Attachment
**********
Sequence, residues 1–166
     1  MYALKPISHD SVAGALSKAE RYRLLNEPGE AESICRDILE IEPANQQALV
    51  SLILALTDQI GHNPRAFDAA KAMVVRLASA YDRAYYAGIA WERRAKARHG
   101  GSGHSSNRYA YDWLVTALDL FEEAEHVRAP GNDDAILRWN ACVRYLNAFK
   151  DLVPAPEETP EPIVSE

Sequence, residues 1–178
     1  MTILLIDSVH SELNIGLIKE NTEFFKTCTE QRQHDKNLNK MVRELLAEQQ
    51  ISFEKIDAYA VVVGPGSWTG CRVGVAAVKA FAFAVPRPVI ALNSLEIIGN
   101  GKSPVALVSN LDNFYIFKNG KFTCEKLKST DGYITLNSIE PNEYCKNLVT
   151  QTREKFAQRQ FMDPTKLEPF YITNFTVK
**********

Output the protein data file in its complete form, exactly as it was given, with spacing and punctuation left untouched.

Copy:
Sequence, residues 1–166
     1  MYALKPISHD SVAGALSKAE RYRLLNEPGE AESICRDILE IEPANQQALV
    51  SLILALTDQI GHNPRAFDAA KAMVVRLASA YDRAYYAGIA WERRAKARHG
   101  GSGHSSNRYA YDWLVTALDL FEEAEHVRAP GNDDAILRWN ACVRYLNAFK
   151  DLVPAPEETP EPIVSE

Sequence, residues 1–178
     1  MTILLIDSVH SELNIGLIKE NTEFFKTCTE QRQHDKNLNK MVRELLAEQQ
    51  ISFEKIDAYA VVVGPGSWTG CRVGVAAVKA FAFAVPRPVI ALNSLEIIGN
   101  GKSPVALVSN LDNFYIFKNG KFTCEKLKST DGYITLNSIE PNEYCKNLVT
   151  QTREKFAQRQ FMDPTKLEPF YITNFTVK